Skip to main content
Select Source:

Daśabala

Daśabala

astronomy.

Daśabala, the son of Vairocana and member of a family from Vallabhī in Saurāṣṭra, was a Buddhist with Śaivite leanings. He wrote two works on astronomy, both of which belong to the Brāhmapakṣa (see Essay IV), as modified by the Rājamṛgān̄ka (written 1042) of his contemporary, the Paramāra monarch Bhojarāja (fl. ca. 999–1056).

The Cintāmanṇisāraṇikā was written in Śaka 977 (a. d. 1055), while Bhoja was still in power. It contains six sections:

  1. On tithis (sixty-two verses)
  2. On nakṣatras (nineteen verses)
  3. On yogas (twenty-one verses)
  4. On diverse subjects (thirty-six verses)
  5. On san̄krāntis (four verses)
  6. On the sixty-year cycle of Jupiter (sixteen verses).

There is a commentary on it written by Mahādeva, the son of Lūṇiga, also a Gujarātī, in Śaka 1180 a. d. 1258).

Daśabala’s second work, the Karaṇakamalamārtaṇḍa, was written in Śaka 980 (a. d. 1058). It contains ten chapters with 270 verses:

  1. On mean motions
  2. On true longitudes
  3. On the three questions relating to the diurnal motion
  4. On lunar eclipses
  5. On solar eclipses
  6. On heliacal risings and settings
  7. On the lunar crescent
  8. On the mahāpātas
  9. On conjunctions of the planets
  10. On intercalary months and the sixty-year cycle of Jupiter.

BIBLIOGRAPHY

The Cintāmaṇisāraṇikā has been edited by D. D. Kosambi in Journal of Oriental Research, 19 (1952), supp. The Karaṇakamalamärtaṇḍa is known only from the description in Ś. B. Dīkṣita. Bhāratīya Jyotiḥśāstra (Poona, 1896: repr., 1931), pp. 239–240.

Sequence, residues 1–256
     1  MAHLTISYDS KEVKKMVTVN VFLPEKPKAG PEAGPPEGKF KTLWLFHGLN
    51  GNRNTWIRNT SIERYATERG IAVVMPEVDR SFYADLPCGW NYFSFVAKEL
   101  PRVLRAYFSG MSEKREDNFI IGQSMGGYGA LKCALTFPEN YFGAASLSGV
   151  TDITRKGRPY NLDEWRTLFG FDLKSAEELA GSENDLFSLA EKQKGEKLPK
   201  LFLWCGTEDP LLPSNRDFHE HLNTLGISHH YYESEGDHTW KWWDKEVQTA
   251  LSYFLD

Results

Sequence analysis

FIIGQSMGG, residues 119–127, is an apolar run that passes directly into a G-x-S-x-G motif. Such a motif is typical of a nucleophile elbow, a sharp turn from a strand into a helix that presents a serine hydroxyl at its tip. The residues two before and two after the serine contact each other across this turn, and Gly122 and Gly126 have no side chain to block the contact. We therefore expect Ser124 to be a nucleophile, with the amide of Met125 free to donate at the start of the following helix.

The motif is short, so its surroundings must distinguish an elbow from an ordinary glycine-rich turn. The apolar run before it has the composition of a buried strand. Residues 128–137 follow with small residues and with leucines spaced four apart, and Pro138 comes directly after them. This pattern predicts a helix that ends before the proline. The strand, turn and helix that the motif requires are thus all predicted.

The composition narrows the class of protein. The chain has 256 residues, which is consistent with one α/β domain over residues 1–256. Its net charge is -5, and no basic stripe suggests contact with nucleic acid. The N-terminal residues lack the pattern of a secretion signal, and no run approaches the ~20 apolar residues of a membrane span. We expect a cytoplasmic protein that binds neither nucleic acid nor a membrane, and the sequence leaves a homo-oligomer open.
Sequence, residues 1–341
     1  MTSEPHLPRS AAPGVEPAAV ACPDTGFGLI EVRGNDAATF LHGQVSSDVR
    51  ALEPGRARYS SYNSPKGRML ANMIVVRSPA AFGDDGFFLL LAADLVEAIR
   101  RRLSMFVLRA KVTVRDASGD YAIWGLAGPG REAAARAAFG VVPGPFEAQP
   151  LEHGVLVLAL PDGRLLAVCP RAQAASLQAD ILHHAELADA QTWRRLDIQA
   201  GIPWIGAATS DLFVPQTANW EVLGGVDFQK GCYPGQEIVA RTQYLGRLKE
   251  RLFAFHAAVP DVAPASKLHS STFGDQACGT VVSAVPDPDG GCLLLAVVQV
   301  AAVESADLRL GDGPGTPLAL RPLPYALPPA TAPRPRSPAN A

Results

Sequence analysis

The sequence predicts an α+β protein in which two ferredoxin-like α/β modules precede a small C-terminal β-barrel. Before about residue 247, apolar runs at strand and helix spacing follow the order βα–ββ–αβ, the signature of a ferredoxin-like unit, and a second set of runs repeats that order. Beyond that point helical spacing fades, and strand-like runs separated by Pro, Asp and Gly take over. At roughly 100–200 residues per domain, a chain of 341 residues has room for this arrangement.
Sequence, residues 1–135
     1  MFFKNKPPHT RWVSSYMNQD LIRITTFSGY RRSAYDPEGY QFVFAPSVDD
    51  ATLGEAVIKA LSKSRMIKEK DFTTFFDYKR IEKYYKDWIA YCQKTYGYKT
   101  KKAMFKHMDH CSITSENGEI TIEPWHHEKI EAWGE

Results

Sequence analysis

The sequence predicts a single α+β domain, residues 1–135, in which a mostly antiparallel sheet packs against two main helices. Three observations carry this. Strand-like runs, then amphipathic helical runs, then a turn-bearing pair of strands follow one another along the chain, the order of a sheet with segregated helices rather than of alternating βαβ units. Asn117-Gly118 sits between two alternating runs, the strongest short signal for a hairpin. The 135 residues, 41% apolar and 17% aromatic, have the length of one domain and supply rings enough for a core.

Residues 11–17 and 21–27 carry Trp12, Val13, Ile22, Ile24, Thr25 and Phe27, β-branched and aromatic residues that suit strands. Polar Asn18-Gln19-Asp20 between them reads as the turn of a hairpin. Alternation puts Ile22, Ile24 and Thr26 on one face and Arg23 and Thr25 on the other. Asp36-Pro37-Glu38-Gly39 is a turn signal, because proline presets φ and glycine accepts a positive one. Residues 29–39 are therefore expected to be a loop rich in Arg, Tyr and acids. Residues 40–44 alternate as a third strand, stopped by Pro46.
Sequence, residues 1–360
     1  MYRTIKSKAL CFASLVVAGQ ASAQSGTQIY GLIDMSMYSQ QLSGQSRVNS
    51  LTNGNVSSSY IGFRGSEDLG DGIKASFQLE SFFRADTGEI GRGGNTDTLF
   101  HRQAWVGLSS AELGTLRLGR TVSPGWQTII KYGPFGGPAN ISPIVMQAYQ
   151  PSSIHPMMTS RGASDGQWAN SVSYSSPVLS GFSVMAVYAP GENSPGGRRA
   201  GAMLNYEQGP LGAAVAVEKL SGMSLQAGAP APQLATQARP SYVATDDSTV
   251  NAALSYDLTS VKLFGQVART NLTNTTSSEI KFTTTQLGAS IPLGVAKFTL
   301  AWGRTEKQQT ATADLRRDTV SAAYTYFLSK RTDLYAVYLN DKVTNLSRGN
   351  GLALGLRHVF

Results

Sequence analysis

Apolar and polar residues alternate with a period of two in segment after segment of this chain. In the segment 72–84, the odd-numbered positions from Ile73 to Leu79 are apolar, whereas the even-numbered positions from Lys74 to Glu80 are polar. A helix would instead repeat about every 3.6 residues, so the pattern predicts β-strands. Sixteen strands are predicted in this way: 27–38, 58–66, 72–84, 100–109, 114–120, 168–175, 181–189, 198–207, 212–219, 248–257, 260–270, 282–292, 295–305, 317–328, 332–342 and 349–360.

David Pingree

Cite this article
Pick a style below, and copy the text for your bibliography.

  • MLA
  • Chicago
  • APA

"Daśabala." Complete Dictionary of Scientific Biography. . Encyclopedia.com. 17 Feb. 2018 <http://www.encyclopedia.com>.

"Daśabala." Complete Dictionary of Scientific Biography. . Encyclopedia.com. (February 17, 2018). http://www.encyclopedia.com/science/dictionaries-thesauruses-pictures-and-press-releases/dasabala

"Daśabala." Complete Dictionary of Scientific Biography. . Retrieved February 17, 2018 from Encyclopedia.com: http://www.encyclopedia.com/science/dictionaries-thesauruses-pictures-and-press-releases/dasabala

Learn more about citation styles

Citation styles

Encyclopedia.com gives you the ability to cite reference entries and articles according to common styles from the Modern Language Association (MLA), The Chicago Manual of Style, and the American Psychological Association (APA).

Within the “Cite this article” tool, pick a style to see how all available information looks when formatted according to that style. Then, copy and paste the text into your bibliography or works cited list.

Because each style has its own formatting nuances that evolve over time and not all information is available for every reference entry or article, Encyclopedia.com cannot guarantee each citation it generates. Therefore, it’s best to use Encyclopedia.com citations as a starting point before checking the style against your school or publication’s requirements and the most-recent information available at these sites:

Modern Language Association

http://www.mla.org/style

The Chicago Manual of Style

http://www.chicagomanualofstyle.org/tools_citationguide.html

American Psychological Association

http://apastyle.apa.org/

Notes: